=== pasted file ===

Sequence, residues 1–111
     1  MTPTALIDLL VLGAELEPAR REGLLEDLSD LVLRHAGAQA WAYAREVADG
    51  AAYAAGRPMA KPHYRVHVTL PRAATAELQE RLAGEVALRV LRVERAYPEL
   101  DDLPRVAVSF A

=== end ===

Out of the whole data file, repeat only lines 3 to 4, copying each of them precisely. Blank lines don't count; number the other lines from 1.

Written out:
    51  AAYAAGRPMA KPHYRVHVTL PRAATAELQE RLAGEVALRV LRVERAYPEL
   101  DDLPRVAVSF A